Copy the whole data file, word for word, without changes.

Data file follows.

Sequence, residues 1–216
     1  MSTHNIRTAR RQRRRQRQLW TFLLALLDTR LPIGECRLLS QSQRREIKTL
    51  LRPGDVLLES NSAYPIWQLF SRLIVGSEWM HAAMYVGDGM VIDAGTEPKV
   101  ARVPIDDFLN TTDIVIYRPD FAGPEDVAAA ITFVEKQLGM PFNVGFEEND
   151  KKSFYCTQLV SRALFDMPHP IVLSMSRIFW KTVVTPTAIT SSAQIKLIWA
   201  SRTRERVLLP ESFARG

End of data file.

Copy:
Sequence, residues 1–216
     1  MSTHNIRTAR RQRRRQRQLW TFLLALLDTR LPIGECRLLS QSQRREIKTL
    51  LRPGDVLLES NSAYPIWQLF SRLIVGSEWM HAAMYVGDGM VIDAGTEPKV
   101  ARVPIDDFLN TTDIVIYRPD FAGPEDVAAA ITFVEKQLGM PFNVGFEEND
   151  KKSFYCTQLV SRALFDMPHP IVLSMSRIFW KTVVTPTAIT SSAQIKLIWA
   201  SRTRERVLLP ESFARG